Product lessons we can learn from Google+

Una interesante entrada en el blog de intercom nos habla de algunos de los problemas a los que muy posiblemente ha enfrentado Google con Google+.
El autor de la entrada participó en el desarrollo de la herramienta y saca unas conclusiones que me parecen extrapolables al diseño de producto en general:

1. Build around people problems, not company problems
There is so much room for invention, so much opportunity to make people’s lives better, the Internet is in its infancy. There is no need to worry so deeply about competitive threats, as if it is a zero sum game and there is a foregone product conclusion.

2. Perceived benefits need to be greater than perceived effort
My mobile phone’s address book is full of people I don’t recognise. It is a pretty comprehensive list of all the people in my life, yet woefully managed. One of the most personal parts of my most personal device is full of strangers. This is the same for almost everyone and the reason is simple: it’s not worth the effort to keep it up to date.

3. Ruthlessly focus and descope, be patient, the internet is young
This lack of focus adds huge complexity to the product, and huge cognitive effort on the parts of users, therefore increasing the effort required. All of the massively successful social products of the last few years have started out by doing one thing really well, then growing organically and expanding.

4. Embrace the idea that life is messy
There is a deep dichotomy between this messy reality and software builders’ desire for structured data. Maybe someday we’ll figure out that our brain is all nodes and links, deep and shallow pathways between objects, and we can directly map to it with software. But likely not in our lifetime.
…Much of WhatsApp usage is group conversations but the subtle, critical difference is that these groups are typically not permanent or sustaining. It is not a stable set of people discussing multiple things in sequence over time. It is one-off combinations of people grouped together for something temporal, like an event, a concert, a party, a weekend away. The groups then decay gracefully. When necessary they are rebuilt from scratch.

5. A fast follow product strategy doesn’t work when you have network effects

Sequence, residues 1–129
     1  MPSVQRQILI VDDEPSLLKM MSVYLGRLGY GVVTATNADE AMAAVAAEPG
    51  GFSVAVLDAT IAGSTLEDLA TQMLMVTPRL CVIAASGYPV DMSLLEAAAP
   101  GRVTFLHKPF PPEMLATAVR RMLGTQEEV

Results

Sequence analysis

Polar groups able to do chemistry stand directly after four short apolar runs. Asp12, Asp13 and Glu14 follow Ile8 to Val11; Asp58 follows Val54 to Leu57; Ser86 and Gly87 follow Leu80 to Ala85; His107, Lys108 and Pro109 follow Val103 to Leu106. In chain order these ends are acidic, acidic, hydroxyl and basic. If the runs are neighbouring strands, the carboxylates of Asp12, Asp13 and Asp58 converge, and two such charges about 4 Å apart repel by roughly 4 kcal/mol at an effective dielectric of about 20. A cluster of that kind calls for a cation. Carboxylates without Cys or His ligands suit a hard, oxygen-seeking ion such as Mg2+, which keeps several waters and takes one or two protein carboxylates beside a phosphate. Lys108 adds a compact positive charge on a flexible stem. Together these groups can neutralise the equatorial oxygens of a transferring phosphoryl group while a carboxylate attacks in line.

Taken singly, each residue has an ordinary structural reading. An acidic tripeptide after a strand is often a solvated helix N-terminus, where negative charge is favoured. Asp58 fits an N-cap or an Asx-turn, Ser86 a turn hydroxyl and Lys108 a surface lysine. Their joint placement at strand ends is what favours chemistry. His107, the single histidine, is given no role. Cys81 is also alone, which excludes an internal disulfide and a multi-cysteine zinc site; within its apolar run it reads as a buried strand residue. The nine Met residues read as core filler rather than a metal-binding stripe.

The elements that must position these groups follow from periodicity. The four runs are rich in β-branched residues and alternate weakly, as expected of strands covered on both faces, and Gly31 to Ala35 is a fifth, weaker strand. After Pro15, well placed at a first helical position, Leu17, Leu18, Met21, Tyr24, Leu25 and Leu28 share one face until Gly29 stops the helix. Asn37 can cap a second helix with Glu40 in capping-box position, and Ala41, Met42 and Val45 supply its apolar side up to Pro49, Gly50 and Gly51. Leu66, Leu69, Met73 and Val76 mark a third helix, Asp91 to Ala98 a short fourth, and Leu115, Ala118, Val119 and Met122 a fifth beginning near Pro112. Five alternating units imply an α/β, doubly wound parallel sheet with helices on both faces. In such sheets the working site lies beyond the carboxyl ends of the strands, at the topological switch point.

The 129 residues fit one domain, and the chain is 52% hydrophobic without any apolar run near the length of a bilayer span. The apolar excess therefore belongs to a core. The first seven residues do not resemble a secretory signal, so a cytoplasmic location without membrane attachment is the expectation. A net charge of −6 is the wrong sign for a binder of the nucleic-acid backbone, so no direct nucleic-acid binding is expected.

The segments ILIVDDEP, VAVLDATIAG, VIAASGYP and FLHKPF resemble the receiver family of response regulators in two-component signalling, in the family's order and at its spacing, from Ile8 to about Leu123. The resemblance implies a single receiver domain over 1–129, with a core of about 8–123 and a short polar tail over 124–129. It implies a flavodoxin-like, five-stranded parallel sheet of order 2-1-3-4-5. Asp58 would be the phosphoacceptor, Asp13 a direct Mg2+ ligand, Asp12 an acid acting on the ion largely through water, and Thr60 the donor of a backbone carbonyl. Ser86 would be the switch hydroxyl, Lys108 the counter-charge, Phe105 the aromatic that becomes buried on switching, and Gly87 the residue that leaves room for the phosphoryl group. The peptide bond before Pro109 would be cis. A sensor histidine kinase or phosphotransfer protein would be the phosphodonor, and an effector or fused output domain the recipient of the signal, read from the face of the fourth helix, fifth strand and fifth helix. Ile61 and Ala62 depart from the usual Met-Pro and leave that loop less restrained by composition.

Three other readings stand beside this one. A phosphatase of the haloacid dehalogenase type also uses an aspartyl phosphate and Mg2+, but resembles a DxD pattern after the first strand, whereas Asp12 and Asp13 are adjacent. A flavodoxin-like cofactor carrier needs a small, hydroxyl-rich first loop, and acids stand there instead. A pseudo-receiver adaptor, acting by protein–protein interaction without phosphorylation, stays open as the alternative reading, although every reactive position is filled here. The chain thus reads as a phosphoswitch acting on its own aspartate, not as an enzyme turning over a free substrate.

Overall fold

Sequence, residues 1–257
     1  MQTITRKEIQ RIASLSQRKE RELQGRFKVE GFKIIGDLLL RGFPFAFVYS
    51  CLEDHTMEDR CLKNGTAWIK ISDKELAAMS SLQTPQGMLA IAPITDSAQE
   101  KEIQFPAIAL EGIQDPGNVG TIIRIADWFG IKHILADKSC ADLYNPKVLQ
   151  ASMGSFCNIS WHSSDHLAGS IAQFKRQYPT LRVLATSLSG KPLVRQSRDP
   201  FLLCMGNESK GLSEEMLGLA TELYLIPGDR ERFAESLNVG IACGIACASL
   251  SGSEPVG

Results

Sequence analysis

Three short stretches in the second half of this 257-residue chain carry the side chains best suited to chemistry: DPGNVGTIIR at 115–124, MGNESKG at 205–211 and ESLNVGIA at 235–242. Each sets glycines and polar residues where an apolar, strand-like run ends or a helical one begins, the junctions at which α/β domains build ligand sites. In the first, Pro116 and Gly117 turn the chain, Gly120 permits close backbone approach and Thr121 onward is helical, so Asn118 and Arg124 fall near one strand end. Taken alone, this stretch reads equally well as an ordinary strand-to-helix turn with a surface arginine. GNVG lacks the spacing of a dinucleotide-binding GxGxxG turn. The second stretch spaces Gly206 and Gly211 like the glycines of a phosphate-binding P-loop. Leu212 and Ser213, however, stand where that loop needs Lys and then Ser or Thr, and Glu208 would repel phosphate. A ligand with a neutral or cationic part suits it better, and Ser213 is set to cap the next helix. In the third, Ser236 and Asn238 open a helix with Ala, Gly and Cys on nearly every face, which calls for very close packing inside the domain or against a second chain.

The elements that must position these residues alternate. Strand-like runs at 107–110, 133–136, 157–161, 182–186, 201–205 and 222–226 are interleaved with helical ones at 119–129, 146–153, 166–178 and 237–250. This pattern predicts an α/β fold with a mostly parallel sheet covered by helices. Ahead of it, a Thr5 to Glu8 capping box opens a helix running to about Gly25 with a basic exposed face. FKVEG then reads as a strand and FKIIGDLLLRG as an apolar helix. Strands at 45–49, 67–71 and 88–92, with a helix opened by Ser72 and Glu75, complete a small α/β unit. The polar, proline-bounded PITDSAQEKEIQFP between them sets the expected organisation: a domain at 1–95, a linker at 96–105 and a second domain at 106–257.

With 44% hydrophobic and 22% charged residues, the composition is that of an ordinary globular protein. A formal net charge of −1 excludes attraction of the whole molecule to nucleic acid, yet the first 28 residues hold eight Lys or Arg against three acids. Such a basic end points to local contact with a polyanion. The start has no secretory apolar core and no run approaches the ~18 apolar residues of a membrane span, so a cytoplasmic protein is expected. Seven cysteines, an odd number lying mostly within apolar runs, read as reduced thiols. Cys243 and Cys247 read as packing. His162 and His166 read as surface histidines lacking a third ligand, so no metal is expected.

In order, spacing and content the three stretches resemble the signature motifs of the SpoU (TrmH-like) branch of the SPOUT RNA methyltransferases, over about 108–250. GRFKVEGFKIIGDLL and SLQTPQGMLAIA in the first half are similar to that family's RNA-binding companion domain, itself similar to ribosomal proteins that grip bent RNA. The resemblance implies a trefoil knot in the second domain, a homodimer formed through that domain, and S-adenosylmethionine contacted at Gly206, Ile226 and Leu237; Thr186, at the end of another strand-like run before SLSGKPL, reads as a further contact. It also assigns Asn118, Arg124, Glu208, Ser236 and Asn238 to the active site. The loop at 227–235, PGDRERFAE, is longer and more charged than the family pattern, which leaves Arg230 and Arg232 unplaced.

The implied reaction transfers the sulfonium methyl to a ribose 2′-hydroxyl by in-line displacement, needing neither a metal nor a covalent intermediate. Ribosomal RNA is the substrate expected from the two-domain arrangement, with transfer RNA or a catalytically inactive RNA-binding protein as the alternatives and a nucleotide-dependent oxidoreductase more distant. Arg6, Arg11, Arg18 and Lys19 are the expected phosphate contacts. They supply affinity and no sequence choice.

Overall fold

There is a nightclub close to our office. It’s pretty run down, it plays questionable music, it serves questionable beer. And it’s packed every night. People love it. Many new nightclubs have opened up next door, only to close their doors months later. They had better decor, better music, better beer. But they didn’t have the one thing necessary for success: people’s friends. People want to be where their friends are, and this trumps everything.

Network effects take time to build. This requires an entirely different product strategy than fast follow. And it requires patience and focus.

6. Google+ suffered shiny object syndrome
…I’m sure there was a ton of legacy to deal with here, but you have to wonder about what might have been if an identity layer had simply been applied across all these products and they were invested in. The same way Google applied a consistent visual design across all its products.

7. People need clear conceptual models that exist in real life
…Looking back at the history of communication, most successful social software has an analogous offline experience. Even something like a Newsfeed can be easily compared to a local town square as the primary source of news and gossip. With a new tool, people need an established way of thinking about it to reduce the perceived effort of use.

8. Distribution often trumps product
…If the goal was to get hundreds of millions of people signed in to Google every day then it looks like it achieved that. Whether knowingly or unknowingly, an order of magnitude more people are now signed in under one identity, searching, emailing, watching videos. Once you have distribution … there are many paths to success.

So what to do next?
…go back to absolute fundamentals and have ruthless focus. Remember that product strategy means saying no. …
Simplify the product offering by killing features, and lowering the effort required to get value out of it by killing many of the choices in the UI.
Finally, and most importantly, it needs to build upon established real world … conceptual models.